The ever-shifting debate over the future of U.S. health-care policy took its oddest turn yet last week -- toward something that might actually help the health-care sector.
Should the Senate's effort to repeal and replace the Affordable Care Act fail, then the only recourse might be a bipartisan fix of Obamacare, Senate Majority Leader Mitch McConnell said on Thursday. Though it's bleeding profusely, the Senate bill isn't dead yet. But the idea of strengthening the ACA now seems slightly less unrealistic than it has in a long time. And it's an outcome many in the health-care sector would welcome.
There's a chance McConnell is just using the threat of an ACA fix to pressure conservatives as he fights for 50 votes. And he may still get them with proposed tweaks to the Senate bill, including nixing tax cuts for wealthy Americans, softening Medicaid cuts, and Senator Ted Cruz's proposal to let insurers sell skimpier plans to healthier people as long as they still sell ACA-compliant plans. A new bill may emerge later this week. But the fact that McConnell even nodded at a fix means it's a counterfactual worth evaluating.
First, some cold water: Any bill to stabilize the ACA would have a hard time passing, given how deep health-care divides are within each party, let alone between them.
If a compromise bill is to get any Democrat votes, then it likely must preserve the ACA's Medicaid expansion, along with its protections for vulnerable Americans. That's good news for much of the health-care sector.
Hospitals are broadly exposed to Medicaid cuts; the program accounts for much of the revenue of the large public hospital groups tracked by Bloomberg Intelligence:
The GOP's repeal-and-replace proposals would foster insurance plans that offer less-generous health coverage than the ACA allows. That in turn would lead people on private insurance to forgo care in some cases, taking potential revenue from providers. And taking health coverage away from 22 million people, as the latest GOP bill would do, according to the Congressional Budget Office, would leave hospitals holding the bag for last-ditch care, crushing their profit margins.
While pharmaceutical firms would have enjoyed the repeal of an ACA tax on drugs, they benefit in other ways if the repeal effort dies. The latest GOP proposal would have led to the return of annual and lifetime insurance spending limits. That's a major concern for the growing subset of drugmakers making rare-disease medicines with price tags in the six figures. The Senate bill would also give states the chance to let insurers sell plans that don't cover prescription drugs, or substantially increase the amount patients pay out-of-pocket for medicines.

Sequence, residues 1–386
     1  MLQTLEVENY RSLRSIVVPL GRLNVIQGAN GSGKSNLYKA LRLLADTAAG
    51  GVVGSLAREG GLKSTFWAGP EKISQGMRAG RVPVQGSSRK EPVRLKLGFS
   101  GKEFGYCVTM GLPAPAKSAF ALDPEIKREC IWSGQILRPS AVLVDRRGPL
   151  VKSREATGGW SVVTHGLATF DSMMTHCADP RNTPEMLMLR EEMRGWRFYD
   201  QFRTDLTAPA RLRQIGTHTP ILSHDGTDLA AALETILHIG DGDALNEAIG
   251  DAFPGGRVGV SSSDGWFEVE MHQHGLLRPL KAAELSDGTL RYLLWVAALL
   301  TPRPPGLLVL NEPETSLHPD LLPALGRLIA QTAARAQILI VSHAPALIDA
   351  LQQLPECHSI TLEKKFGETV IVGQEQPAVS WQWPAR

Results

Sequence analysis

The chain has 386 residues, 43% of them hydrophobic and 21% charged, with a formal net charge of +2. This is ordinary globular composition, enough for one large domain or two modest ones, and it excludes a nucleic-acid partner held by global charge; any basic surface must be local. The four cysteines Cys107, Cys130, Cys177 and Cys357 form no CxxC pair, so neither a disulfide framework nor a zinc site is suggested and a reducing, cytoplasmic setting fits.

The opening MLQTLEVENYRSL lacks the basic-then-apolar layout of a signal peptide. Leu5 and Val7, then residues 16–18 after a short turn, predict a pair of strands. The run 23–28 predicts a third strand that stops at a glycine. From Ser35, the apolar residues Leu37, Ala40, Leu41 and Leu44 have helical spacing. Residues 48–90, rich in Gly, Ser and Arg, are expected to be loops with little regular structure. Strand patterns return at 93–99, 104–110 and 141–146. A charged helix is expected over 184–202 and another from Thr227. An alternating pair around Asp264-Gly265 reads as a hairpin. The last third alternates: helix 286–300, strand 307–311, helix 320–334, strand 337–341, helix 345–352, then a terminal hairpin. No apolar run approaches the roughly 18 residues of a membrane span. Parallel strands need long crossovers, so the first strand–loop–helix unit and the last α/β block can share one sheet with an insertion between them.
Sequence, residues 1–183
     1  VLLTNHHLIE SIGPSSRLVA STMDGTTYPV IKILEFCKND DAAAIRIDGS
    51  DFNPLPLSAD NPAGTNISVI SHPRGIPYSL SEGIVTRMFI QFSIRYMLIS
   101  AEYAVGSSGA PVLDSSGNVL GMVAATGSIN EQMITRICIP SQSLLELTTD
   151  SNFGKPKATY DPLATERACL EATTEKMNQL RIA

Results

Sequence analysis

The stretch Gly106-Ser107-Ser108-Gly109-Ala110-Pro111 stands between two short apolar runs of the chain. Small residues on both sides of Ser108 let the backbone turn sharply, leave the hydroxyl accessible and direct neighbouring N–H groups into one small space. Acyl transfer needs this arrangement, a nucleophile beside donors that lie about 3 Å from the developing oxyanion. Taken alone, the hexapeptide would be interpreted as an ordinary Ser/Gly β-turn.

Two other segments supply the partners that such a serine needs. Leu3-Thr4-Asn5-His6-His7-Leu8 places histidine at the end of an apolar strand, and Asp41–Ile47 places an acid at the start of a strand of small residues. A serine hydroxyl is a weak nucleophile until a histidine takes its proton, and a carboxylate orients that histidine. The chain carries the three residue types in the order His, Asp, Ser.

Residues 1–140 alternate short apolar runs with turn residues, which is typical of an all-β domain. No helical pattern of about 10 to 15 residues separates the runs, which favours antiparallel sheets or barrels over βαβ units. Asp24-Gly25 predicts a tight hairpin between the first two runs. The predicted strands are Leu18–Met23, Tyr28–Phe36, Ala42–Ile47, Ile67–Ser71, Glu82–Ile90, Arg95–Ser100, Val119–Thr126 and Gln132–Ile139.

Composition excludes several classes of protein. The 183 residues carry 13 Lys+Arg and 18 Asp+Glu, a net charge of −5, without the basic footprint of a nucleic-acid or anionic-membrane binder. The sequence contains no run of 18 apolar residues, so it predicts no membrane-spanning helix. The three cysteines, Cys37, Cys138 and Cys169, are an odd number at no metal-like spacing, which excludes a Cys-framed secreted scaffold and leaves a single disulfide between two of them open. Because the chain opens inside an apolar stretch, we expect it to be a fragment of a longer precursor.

Avoiding the disruption and potential negative effects of the current array of repeal proposals would be a benefit all by itself. Any efforts to further stabilize the health-care market would be gravy. If more people have health insurance, then fewer insurers leave the individual market and premiums come down -- almost everyone wins
As for the actual shape of a possible stabilization effort, a few possibilities stand out as starting points:
- If not bolstering the individual insurance mandate, at least enforcing the one that exists.
- Funding reinsurance programs, where the government guards insurers against unexpected losses by reinsuring sicker patients. Such a program kept premiums down in the early years of the ACA before being phased out and aren't anethema to the GOP. Reinsurance is a prominent part of Medicare Part D, a GOP-created prescription drug benefit and has worked well in the individual market in Alaska.
- Committing to ACA subsidies that help low-income Americans with out-of-pocket costs. The Trump administration has been inconsistent in its messaging about funding for this, and insurers have cited that uncertainty as a reason for leaving ACA markets.
Outcomes for insurers in this scenario are a bit more varied. There's evidence the ACA is stabilizing on its own; the Kaiser Family Foundation released an analysis Monday showing insurers are regaining profitability in the individual market. Any fixes could amplify that.
On the other hand, an ACA repeal would have given insurers $144.7 billion in tax cuts over 10 years. GOP bills would also have given insurers more flexibility on the kinds of benefits they offered and what they could charge for them.
The benefits of a stronger ACA would not be equitably distributed. Insurers with a substantial Medicaid presence would benefit. Centene Corp., Molina Healthcare Inc. and other insurers that also have a robust presence in the individual market would benefit even more. But a larger and more stable insurance market would be better for everyone than a smaller and disrupted one.
This is very much a Goldilocks scenario -- it's the best outcome for a lot of people, and probably a fairy tale. It would require the GOP to effectively acknowledge that its rhetoric about the ACA has been overheated. It makes already delayed tax-reform efforts tougher. And President Donald Trump might not even sign it.
But if the GOP can't pass a repeal-and-replace bill, then pressure will mount to do something to help states where the individual market is struggling. Health-care providers and their investors could add to that pressure.
This column does not necessarily reflect the opinion of Bloomberg LP and its owners.
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